‘There is Never Only One Way’*

Today in the US, we are observing Memorial Day, a day in which we remember the many people who gave their lives in service to their country. As I think of them, I can’t help but feel a sense of deep loss at the lives gone and the potential unfulfilled.

I’m not naïve enough to think that we can instantly end all of the conflict and hostility there is in the world. But at the same time, I think we owe it to those who lost their lives, and to their loved ones, to do our best to make sure that no more young people have to die in war.

Perhaps top on my list of commentary on war comes from Peter Weir’s Witness (1985). By the way, if you haven’t seen it, I recommend it highly. In this scene, young Samuel Lapp (Lukas Haas), who is Amish, is having a conversation with his grandfather, Eli (Jan Rubeš). For those of you not familiar with the Amish, among other things, they are conscientious objectors to war. The first 30 seconds of the clip are key.


I’ve never heard it said better. I’d like to think there’s always another way, too. It may not come immediately, but it will not come if we aren’t willing to do the work we need to do to find other options to war.

I think that’s the least we owe to those who gave their lives in service to their country, and to their families.

*NOTE: The title of this post comes, of course, right from this scene.


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28 responses to “‘There is Never Only One Way’*

  1. Keishon

    True sentiments. I love that movie, btw.

  2. Hope it was a very good day Margot – by sheer coincidence, was just watching WITNESS the other day – great film.

  3. Words of wisdom, Margot. Today I salute my USMC comrades who fought beside me in Vietnam and didn’t make it back to the “World” (our term for home) alive, as well as all the fallen from all wars. Semper Fidelis, one and all.

  4. kathyd

    Wish peace would break out. But more wars going on, weapons building.
    I support a friend’s slogan. He is a disabled Vietnam war veteran. He says, “Support the veterans, not the war.” I agree.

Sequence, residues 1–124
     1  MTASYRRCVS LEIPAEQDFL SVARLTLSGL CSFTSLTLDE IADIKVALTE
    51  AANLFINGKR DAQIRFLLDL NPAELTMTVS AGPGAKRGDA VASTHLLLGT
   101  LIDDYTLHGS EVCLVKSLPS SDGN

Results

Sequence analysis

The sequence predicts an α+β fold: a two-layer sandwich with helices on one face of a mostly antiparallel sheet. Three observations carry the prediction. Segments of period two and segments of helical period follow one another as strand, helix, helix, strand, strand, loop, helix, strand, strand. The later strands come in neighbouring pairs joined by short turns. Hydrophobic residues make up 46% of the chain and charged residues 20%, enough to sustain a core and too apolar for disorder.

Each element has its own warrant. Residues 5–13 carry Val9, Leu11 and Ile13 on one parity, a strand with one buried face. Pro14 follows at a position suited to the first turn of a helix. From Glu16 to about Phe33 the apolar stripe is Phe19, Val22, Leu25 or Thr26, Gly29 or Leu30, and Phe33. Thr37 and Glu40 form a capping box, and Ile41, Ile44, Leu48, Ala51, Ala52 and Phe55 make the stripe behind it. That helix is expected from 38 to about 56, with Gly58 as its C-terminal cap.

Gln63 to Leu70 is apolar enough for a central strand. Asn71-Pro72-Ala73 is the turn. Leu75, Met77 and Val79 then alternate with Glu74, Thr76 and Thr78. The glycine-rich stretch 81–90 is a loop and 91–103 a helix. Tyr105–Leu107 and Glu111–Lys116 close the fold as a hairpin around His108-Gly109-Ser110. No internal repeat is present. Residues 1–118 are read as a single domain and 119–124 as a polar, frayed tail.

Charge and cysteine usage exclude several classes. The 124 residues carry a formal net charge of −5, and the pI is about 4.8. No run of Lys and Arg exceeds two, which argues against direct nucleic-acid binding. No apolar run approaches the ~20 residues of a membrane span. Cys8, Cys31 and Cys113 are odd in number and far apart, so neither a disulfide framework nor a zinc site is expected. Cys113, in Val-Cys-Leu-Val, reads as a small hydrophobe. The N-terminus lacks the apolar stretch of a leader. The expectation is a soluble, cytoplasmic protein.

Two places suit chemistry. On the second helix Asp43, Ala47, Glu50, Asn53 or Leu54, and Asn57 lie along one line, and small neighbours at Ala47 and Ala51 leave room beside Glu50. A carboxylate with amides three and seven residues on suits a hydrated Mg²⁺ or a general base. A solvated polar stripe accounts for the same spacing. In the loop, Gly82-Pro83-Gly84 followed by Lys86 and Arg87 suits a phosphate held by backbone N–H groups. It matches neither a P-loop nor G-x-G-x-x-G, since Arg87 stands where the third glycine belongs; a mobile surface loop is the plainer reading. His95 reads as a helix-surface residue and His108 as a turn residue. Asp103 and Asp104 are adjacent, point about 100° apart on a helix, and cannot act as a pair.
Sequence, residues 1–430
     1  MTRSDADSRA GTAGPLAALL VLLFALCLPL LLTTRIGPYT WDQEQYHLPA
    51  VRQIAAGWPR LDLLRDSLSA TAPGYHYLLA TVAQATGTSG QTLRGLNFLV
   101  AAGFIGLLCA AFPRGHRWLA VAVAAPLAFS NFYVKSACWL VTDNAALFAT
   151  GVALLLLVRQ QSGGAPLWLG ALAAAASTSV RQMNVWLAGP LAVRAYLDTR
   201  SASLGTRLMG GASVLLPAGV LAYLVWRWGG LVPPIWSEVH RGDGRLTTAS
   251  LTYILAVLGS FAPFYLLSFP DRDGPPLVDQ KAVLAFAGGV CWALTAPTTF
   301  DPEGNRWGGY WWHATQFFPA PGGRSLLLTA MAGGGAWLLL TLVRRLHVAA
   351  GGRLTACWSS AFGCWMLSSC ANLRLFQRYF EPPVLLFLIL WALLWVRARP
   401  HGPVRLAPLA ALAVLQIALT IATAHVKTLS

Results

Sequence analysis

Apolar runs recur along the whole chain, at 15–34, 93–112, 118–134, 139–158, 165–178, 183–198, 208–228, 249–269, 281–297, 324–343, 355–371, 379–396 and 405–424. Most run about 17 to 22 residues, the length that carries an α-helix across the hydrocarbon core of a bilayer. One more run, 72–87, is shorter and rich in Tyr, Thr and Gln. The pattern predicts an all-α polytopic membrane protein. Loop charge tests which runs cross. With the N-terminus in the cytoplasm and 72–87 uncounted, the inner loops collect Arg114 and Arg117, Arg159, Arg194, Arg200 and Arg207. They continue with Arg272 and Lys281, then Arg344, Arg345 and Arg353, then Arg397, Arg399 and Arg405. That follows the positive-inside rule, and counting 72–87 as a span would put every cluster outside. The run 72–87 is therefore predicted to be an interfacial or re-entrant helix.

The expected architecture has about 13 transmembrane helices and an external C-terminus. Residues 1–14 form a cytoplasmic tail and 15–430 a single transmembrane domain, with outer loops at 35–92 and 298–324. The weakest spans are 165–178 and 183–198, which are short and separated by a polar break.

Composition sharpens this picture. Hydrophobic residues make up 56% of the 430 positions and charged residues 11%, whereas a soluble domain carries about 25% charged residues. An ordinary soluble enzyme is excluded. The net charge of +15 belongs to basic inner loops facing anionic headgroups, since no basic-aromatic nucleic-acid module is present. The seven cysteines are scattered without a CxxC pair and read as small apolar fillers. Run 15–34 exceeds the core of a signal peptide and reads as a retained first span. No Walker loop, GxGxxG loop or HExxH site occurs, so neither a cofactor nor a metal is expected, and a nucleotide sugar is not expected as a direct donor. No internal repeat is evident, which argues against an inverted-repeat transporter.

Monday was a good day to think about this.

  5. I know that I do not feel safer in America with guns all around.

  6. Col

    Food for thought.

  7. Lovely tribute, Margot. Life can be so cruel sometimes.

  8. Wow. Powerful scene. Hope you had a nice Memorial Day (and weekend).

  9. tracybham

    Very nice clip, Margot. It says it very well. I have seen Witness (several years back) and enjoyed it.

  10. I saw Witness years ago, a good film. And this is an excellent scene with thoughtful writing.

    • I think it is, too, Moira. One thing I’ve always liked about this film is that it shows the Amish in a bit more depth. They are human beings, rather than just people dressed in funny clothes who ride in horse-drawn vehicles. This scene really shows a strong bond between Eli Lapp and his grandson, too.

  11. kathyd

    Although I support few wars, I do support the war against Hitler, etc. But as a child, I knew a neighbor who had a family and they lived in my building. He had been a conscientious objector during WWII as he couldn’t kill anyone. He was also the first vegetarian I ever met. He couldn’t eat an animal that had been killed.
    I respect him for holding to his convictions, although I also respect my father who tried to enlist early on before the U.S. entered the war, but he was rejected for medical reasons.

    • That’s really interesting, Kathy, that you and your family knew a conscientious objector. And I agree with you: the war against Hitler was a very different kind of war to most wars.

  12. I love the movie Witness, Margot. I watched it again not long ago and was struck by how much space there is in the script — how much happens without words. Stunning film-making (and more than a bit proud to be a compatriot of the film-maker).

    • You should be proud, Angela. Weir did an absolutely outstanding job with the film. You’re absolutely right, too, about how much effective use there is of silence, gesture, facial expression and more. Words aren’t always necessary, or even desirable. And might I add that I’ve always been impressed with the way Weir depicted the Amish in both an honest and a respectful way. Great film, indeed!

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